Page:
Narratives and how we inquire into those narratives affect how we perceive ourselves and our own story. When we continually see ourselves as depraved beings who will never measure up, what will come out of it? When we continually tell our children to pray prayers so that hell no longer hangs over them or exhort them with tales of them being incapable of choosing good, where are we leading them? (Sidenote: In a conflict class I took, we studied an almost completely non-violent society whose strategy of avoiding conflict was to insult their children so that they would not develop an ego, negating any sense of pride or indignation of being treated a certain way, because, well, they were entirely unimportant compared to the society as a whole. So I suppose there could be some merit to this way of parenting, but certainly to a Western mindset it sounds strange.)

Appreciative inquiry posits that when the little micro narratives we hold – that when combined make up our being  – are changed, the macro narrative will also bend in that direction. When our micro narratives tell us we are incapable of good, generally not worthy of love, and are failures, our macro narrative shifts to one deeply sensitive about a lot of small things.

When are micro narratives begin to tell us that we are capable of good, of making beautiful things, and loving people, perhaps those characteristics will abound. When we become wrapped up in a larger story of mercy, justice, and love rather than one of shame and guilty pleasure our lives will expand into greater things.

I say this all while acknowledging that repentance and humility are two of the most important traits a person can have – we must recognize that we are not more important than other people and when we screw up we should seek reconciliation. But when we ask questions of ourselves, let’s look at the ways we are contributing to life, for we are beings wrapped up in a cosmic tale of love, grace, justice, and beauty. Let us not be overcome with shame at our failures.

Of Gods and Men (2011)

Of Gods and Men is a movie about values, convictions, faith, tolerance, martyrdom, mission, community, brotherhood, outreach, it’s a movie about living, and it’s a movie about dying.

It takes place in Algeria in the mid-90’s, focusing on a group of French  Trappist monks who have taken a vow of poverty in order to reach out to a largely Muslim community. The monks fit in with those around them beautifully, providing free medical services, participating in the town’s market, and even attending children’s birthday parties. Their relationship with the community is one of the best interfaith portrayals of tolerance as both get along, helping and loving each other, while still maintaining their beliefs with conviction. The monks are never seen proselytizing, but always acknowledge whom they serve.

The people of the community’s lives are interrupted by a civil war in Algeria and their lives are threatened when a radical Muslim group begins causing chaos all around. This becomes especially personal to the friars when they hear (and we see) that the rebels have attacked and killed a group of Croatians who live in the country to provide aid. The scene in which monastery leader Christian hears of this news is one of the most saddening scenes I have seen in a while; the way his face drops is utterly heartbreaking.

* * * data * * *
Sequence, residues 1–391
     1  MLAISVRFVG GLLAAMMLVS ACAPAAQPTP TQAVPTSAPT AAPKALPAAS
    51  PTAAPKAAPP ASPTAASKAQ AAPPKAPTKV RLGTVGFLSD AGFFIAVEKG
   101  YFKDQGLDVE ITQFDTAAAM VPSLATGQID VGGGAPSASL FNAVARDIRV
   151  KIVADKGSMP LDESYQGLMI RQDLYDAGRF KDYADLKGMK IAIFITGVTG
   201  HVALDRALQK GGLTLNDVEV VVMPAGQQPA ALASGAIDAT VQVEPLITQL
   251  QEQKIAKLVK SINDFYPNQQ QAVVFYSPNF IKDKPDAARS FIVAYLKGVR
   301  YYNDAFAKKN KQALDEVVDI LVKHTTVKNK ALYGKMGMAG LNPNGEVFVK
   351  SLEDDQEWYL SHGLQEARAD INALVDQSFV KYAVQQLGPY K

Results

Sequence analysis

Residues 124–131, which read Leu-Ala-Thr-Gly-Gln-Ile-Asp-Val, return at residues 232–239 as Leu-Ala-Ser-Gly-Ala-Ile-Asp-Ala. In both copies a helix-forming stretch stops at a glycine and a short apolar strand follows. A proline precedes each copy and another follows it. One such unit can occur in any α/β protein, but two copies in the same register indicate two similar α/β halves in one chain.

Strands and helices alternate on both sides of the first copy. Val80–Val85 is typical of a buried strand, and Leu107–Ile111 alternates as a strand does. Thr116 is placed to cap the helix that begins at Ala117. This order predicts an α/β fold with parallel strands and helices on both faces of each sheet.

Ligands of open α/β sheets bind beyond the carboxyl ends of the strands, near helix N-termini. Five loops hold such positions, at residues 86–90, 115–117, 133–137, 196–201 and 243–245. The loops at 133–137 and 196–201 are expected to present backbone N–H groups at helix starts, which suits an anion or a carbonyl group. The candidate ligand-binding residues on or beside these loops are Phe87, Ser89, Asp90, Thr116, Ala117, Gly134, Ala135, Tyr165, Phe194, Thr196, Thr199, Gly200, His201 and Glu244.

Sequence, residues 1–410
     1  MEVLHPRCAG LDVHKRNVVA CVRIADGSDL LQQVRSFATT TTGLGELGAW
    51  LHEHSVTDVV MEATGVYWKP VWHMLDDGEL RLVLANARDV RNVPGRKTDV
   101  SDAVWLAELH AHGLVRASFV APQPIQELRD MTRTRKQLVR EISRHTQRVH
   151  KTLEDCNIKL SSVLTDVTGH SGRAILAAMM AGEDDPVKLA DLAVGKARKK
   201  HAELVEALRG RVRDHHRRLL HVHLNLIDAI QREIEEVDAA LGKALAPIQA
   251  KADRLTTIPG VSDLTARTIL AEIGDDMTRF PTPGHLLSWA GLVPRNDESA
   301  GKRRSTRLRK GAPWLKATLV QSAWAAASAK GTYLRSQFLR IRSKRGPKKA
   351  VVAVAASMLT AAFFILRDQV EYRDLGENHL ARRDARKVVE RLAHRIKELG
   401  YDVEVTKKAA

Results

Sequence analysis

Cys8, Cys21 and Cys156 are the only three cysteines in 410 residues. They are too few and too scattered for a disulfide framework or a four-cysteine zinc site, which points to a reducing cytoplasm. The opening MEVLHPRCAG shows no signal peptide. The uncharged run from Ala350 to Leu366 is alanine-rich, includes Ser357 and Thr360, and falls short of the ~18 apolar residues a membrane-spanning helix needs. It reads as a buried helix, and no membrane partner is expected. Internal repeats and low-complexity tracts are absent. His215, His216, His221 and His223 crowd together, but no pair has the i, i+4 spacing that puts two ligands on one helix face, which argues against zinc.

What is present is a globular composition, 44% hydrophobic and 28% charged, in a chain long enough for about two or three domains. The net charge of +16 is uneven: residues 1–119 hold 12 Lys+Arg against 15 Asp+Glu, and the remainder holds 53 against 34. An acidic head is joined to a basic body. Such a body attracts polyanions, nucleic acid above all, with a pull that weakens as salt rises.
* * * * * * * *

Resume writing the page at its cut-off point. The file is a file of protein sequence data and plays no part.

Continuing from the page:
From here, the monks must make a decision. The Algerian government suggests that they get army protection, something the monks are unwilling to do, because they do not believe in violence or in using a corrupt government for protection. Christian and the six other brothers residing in the monastery must make a decision… Should they stay in the monastery and risk their lives? Or should they flee, saving themselves and potentially helping out other communities elsewhere around the world. The town desperately needs what they provide and abandoning it in its time of need would be tragic. Should they give up on their calling in order to seek safety? They are a group of people who have already given up nearly everything for their beliefs, are they willing to give up absolutely everything? At the same time, they also question what laying down their lives would actually accomplish. Would it be for the sole purpose of the glory in martyrdom? In beautiful long shots these questions are asked.

The friar’s acts of mass and liturgy serve as the only background music to accompany the entire film and is almost like the canvas to which the entire film is painted on. Each song fits what is happening dramatically and allows for the monks to express their trials, doubts, and fears beautifully.

The entire situation gets even more complicated, when they are approached by the terrorists themselves and asked to provide medical aid to injured members. The monks face pressure from both sides of the war to help, but must follow their allegiance to their God above all. The scene where this situation is presented is one of the best in the film, I won’t spoil it, but I will say that Christian handles this terrifying predicament in a way I can imagine Jesus or the early Apostles handling it. It shows a wonderful, uncompromising way of dealing with your enemies that is so refreshing.

No matter what your experience with the Christian faith, there is still plenty to admire and enjoy with this movie. The passion exuded by the monks is awe-inspiring and the love that they show for their community is an example all should follow.

For those of the Christian faith, it is an absolute must see. It expresses all the love, the mission, and the struggle that is contained within the true Christian and shows how to put those desires into action. Though at times it is sad, it also remains uplifting and is an image people should share and watch for a long time to come.